Traveling Fear. When I told my family that I wanted to travel to a third world country, and live there for two months, without a haematologist in sight, my plans were not received well.
I have written before about Chronic illness and Fear. It is a hard thing to speak about; a difficult thing to confess to. But what is also difficult is trying to manage other peoples fears about you. I wanted to chat about how scared I was but excited at the same time. What I found myself doing, as I slowly prepared to leave the country, was placating everyone else’s fears about my plans.
Admitting that you’re scared about something is a really hard thing to do. Even more so when you admit your fears and you hear this, ‘Well, don’t go if you’re so scared.’
I didn’t want to simply ‘not go’ because I was worried. I did not want to live my whole life in one country because I was worried about what my travel insurance would and would not cover. I just wanted to talk about it. (Just to be clear – I had decided I would not go if my platelets were under 30 – I got them to 44 before we left. And leave, we certainly did!)
For the last hundred years, mothers seem to have been running a really great marketing campaign for worry. Mothers have sold the world on the idea that worry = love. (Jenny, if you’re reading this, I love that you worry about me – Never stop!) What I am talking about is the idea that people share their worries about you, as a way of telling you they love you. Can you love someone and not worry about them, I wonder?
When I realised that I could not get travel insurance for anything related to ITP, I did not give up. I called a few companies and eventually found a plan that would allow me to register my ITP with them, and the medication I was taking as a preexisting condition. I would still be covered for theft, stolen property, natural disasters and car accidents that weren’t my fault. I was told the sports I was not allowed to do and would not be covered for, and I was not allowed to hire or drive a car. I had to register that I was immunocompromised and they told me that there would be certain health conditions that I would not be covered for.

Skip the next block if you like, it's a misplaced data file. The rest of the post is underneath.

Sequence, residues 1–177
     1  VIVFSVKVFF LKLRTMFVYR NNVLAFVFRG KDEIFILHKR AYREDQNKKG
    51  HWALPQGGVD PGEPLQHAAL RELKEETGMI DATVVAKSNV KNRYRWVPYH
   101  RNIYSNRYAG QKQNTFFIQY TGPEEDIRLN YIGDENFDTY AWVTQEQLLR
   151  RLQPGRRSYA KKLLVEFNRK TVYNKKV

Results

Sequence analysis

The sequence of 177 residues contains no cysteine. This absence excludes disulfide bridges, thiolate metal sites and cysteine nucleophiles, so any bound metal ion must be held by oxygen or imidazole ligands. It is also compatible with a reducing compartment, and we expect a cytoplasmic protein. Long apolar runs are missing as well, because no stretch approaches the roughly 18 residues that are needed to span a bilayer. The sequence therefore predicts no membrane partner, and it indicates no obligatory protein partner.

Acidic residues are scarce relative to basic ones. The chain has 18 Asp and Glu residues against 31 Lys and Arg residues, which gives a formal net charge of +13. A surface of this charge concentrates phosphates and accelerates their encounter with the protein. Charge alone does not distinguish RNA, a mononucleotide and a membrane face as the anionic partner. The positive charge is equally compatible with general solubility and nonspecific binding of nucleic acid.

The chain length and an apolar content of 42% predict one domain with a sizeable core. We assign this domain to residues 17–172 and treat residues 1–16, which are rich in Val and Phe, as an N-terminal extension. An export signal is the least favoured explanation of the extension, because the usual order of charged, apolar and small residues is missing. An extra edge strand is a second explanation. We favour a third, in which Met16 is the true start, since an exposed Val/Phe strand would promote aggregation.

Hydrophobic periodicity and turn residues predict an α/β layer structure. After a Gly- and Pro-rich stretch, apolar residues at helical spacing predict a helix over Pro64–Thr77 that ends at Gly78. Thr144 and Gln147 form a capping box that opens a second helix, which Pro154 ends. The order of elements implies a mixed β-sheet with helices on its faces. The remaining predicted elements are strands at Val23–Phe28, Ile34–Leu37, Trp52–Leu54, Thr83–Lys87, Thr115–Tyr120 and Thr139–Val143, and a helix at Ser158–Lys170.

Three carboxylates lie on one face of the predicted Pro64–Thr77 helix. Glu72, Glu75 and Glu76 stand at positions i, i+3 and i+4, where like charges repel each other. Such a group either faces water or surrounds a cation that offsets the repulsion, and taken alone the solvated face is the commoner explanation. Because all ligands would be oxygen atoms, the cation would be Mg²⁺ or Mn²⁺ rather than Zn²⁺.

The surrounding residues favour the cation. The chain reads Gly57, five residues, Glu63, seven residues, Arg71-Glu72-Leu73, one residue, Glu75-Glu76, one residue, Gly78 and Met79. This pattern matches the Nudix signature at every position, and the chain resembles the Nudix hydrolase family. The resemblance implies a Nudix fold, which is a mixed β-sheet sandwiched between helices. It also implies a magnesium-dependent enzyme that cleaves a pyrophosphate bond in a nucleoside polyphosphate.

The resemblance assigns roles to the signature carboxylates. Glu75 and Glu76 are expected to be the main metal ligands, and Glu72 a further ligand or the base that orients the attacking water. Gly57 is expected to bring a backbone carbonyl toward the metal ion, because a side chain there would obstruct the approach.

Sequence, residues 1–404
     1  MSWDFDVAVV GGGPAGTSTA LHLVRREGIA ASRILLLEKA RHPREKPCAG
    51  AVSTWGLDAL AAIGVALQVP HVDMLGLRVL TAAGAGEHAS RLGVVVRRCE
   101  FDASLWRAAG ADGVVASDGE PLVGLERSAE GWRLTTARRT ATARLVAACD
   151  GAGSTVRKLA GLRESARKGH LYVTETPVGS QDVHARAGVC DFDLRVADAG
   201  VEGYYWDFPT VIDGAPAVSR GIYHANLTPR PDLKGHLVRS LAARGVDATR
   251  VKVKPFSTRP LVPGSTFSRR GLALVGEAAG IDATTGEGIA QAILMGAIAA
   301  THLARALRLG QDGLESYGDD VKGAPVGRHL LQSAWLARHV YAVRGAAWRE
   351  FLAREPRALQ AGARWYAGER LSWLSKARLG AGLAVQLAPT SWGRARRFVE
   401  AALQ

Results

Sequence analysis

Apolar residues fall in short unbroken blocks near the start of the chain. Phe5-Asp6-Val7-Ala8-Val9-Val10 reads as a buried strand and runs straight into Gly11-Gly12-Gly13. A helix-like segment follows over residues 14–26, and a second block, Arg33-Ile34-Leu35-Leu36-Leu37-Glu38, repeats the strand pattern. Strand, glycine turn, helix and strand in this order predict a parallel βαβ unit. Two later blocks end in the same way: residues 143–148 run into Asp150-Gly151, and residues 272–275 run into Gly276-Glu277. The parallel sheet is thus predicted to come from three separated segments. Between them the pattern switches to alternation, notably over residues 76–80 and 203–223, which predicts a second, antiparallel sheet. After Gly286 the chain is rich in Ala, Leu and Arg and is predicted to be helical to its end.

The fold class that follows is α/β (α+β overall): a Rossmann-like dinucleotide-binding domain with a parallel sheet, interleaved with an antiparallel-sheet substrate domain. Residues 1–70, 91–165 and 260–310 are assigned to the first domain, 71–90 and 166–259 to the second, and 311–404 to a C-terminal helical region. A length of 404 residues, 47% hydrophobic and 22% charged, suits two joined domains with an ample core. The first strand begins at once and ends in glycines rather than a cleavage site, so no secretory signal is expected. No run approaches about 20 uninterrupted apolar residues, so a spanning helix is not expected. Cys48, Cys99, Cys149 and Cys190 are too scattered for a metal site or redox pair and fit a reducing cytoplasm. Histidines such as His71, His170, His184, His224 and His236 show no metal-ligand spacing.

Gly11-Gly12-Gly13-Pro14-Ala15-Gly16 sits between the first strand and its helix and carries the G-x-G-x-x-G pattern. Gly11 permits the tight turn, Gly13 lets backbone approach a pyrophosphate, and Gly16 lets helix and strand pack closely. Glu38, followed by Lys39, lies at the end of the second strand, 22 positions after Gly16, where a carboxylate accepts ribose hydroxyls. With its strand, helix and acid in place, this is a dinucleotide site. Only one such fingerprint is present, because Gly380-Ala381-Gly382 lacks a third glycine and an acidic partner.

When I spoke to my doctor about travel insurance we spoke for a long time about the potential risks and banned me from patting dogs in Thailand. Done.
I kept planning. I kept hearing about all the terrible things that might happen to me, from a few people around me, and from my own head! Planning my trip was wrought with fear. As the date to fly out came closer and closer, it was hard to tell what part of that fear was reasonable. Had I just worked myself up, or was this really a stupid idea? Of course, we should not get complacent…
I tried to imagine, I was healthy, what would I be afraid of. Would I still be freaking out?
So guess what – It’s ok. Let yourself worry, as much as you need to. But still go. Prepare as much as you can, and then go. Let your friends and family say everything they need to, and worry as much as they like, and love them for every moment of it – But still go.
How do you get over your fear of traveling? In short, you don’t. You just go anyway and hope for the best. I have made a check list for before you travel, here. Of course you need to be sensible and safe, and always chat with your doctors about everything you are planning – and then go.
If you are prepared and smart and care for your body at all times.
Then just go.